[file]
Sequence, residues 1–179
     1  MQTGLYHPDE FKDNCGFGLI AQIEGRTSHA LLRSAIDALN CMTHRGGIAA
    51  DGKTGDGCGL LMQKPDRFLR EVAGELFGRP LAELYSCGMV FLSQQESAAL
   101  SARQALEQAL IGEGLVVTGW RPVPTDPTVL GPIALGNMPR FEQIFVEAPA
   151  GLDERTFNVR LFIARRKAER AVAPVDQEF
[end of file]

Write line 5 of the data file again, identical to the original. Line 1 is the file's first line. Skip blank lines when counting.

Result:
   151  GLDERTFNVR LFIARRKAER AVAPVDQEF